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Three #1

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By Kieron Gillen, Ryan Kelly & Jordie Bellaire

“In Sparta are to be found those who are the most enslaved and those who are the most free.” Three is the story of the most enslaved, as it covers the tale of Helot slaves in ancient Sparta. There has been a lot of media attention on the ancient Battle of Thermopylae in recent years, largely due to the film adaptation of Frank Miller’s 300. However, if you’re looking for a book that is grounded on an actual historical basis, look no further because Three #1 has finally arrived.

One of the big initial draws to this series was the inclusion of a historical consultant, Prof. Stephen Hodkinson. For any story rooted in real-world history this is an excellent decision. The Spartans themselves are well known to the average reader, but the aspect always excluded from their tale is that of those who were less than slaves, the Helots. Kieron Gillen outlines his passion for this story at the end of this first installment while discussing Miller’s 300; as most of us know, the Spartans of this particular work claim to value liberty. Gillen is quick to draw our attention to the truth: they hunted slaves.

Three #1 is a magnificent opening issue. The story begins with some historical background on the Spartan treatment of Helots and the annual hunt they undertake. This was a perfect introduction to the overall tone of the series and does a great job of instilling a more accurate idea of these disparate factions in the reader right from the beginning. The rest of the issue was conveyed in a somewhat unexpected, but still highly effective manner. A few Helots are introduced as they go about their business in their own settlement. This segment of the book further initiates the reader into the relatively unknown world of Helots by drawing attention to the differences between city Helots and those who reside in the country. The calm is soon upset by the arrival of a small group of Spartans. During their stay we see just how much contempt they have for their Helot underlings as they are treated as less than human. However, one of the slaves tells a fantastic tale of Helot rebellion. This, of course, doesn’t go well, but provides yet another magnificent introduction to the tone and overall feeling of this series; repression and rebellion, slavery and freedom. Furthermore, the writing throughout Three #1 was suitably intelligent and finely crafted. The dialogue throughout this issue was perfect and really helped immerse the reader in this great plot. There is a depth and power that exudes sincerity and a real passion for the story being told.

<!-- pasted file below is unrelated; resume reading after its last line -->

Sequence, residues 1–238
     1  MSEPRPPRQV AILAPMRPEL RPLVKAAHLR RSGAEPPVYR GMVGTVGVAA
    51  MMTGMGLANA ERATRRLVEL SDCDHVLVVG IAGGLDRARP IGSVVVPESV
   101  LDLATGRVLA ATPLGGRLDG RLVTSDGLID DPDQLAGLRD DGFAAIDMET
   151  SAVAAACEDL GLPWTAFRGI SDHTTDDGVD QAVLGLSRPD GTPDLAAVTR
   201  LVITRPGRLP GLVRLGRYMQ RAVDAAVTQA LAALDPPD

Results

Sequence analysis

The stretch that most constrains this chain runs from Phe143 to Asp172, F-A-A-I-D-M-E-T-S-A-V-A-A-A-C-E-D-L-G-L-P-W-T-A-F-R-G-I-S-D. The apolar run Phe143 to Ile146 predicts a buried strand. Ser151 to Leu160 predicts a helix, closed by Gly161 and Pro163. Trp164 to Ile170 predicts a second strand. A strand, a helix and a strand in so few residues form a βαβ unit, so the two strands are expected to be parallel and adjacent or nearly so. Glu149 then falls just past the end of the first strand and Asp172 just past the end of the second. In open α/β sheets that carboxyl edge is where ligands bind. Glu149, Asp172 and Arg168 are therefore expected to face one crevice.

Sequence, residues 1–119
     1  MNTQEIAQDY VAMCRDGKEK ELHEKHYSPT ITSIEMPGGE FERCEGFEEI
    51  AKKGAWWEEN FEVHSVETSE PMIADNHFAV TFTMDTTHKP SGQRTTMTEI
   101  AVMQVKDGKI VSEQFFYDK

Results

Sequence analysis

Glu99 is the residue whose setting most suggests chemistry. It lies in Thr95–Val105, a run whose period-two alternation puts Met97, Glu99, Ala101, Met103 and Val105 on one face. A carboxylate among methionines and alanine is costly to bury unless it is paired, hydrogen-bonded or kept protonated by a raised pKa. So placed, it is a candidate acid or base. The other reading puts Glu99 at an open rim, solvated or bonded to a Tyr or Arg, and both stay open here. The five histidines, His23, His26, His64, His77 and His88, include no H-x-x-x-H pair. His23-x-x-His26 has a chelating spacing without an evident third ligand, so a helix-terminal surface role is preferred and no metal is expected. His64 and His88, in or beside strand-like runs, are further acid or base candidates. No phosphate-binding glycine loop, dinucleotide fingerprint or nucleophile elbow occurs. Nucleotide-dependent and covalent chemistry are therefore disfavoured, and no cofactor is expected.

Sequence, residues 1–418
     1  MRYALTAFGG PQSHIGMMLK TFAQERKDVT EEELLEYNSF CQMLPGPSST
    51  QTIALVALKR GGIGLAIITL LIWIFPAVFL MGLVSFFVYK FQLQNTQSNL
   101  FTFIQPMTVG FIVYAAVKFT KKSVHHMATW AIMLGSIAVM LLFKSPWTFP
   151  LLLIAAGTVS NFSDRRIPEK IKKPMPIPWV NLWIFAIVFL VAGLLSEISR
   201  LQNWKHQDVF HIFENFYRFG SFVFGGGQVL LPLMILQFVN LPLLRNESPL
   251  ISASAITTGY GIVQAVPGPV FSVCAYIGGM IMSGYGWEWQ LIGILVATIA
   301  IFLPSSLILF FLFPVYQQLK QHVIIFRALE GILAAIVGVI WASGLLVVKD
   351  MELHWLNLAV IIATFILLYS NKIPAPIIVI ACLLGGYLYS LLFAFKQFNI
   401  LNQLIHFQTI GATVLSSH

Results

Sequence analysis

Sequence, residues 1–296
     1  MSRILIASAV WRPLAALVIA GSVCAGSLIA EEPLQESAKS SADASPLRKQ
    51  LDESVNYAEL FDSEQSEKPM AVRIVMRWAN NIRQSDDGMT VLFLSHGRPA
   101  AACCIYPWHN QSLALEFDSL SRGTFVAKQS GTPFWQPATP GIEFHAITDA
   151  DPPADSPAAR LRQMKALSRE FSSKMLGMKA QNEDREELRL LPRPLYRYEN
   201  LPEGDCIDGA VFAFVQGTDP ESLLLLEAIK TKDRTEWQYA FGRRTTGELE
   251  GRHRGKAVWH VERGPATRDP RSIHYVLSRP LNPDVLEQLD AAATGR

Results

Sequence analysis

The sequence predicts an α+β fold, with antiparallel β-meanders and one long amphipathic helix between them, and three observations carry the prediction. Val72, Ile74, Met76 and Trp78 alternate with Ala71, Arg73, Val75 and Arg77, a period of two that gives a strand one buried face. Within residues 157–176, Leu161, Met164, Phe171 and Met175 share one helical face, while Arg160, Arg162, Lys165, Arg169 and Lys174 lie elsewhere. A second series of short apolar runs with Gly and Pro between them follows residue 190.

The artwork provided by Ryan Kelly was also perfect for this particular series; a lot of it was reminiscent of various Conan books, well-suited to the ancient landscapes portrayed in this first installment. Both the backgrounds and the characters are wonderfully detailed with excellent defining features. The facial expressions were also very well-executed; the contempt for the Helots is written all over Arimnestos’ face, the fear on the slaves’ faces as Terpander tells his story of rebellion is palpable, and the pure anger and hatred on Klaros’ face as he is given orders from a Spartan is wonderfully clear. The colouring contributed by Jordie Bellaire was another perfect addition for this series. The major tones employed in the opening sequence have an almost sepia quality which works very well, particularly when followed by the more vibrant pages which follow. As usual, Bellaire’s work really helps to enhance the apparent realism of the illustrations with wonderful attention to detail and accuracy, especially regarding the various lighting effects. Finally, there are some great panels where the colouring lends a very cinematic sense to a number of scenes, particularly when the Spartans first arrive in the dark of night while a storm rages, and also the blood-spatter which overlays the flashback tale of Helot rebellion.

As Gillen mentions after the story, the popular image of the Spartan warrior probably includes a group of men marching with shield in hand; Spartans never carried their own shields, as this job was left to the Helot slaves. This conjures up quite a different image of ancient Sparta. Three #1 was a very interesting way to start this series. It features a very different take on this period which is not only refreshing, but also well-rooted in history. Judging by the first installment this series is going to be unique and full of depth; and while issue #1 was truly amazing, the real excitement comes from the potential this story has. Gillen is clearly very passionate about the story he is telling and this translates well in the book itself. It remains to be seen where the story will really begin next month now that the initial introductions are apparently complete. Wherever this story is taken, however the plot proceeds, it looks as though Image Comics have done it again. Gillen’s writing is a breath of fresh air, full of sincerity and depth, while the art of Kelly and Bellaire is perfectly suited to not only the subject matter at hand but the overall tone of the story. Three is a series to look out for and readers can surely expect great things from this excellent creative team.

three1-cover

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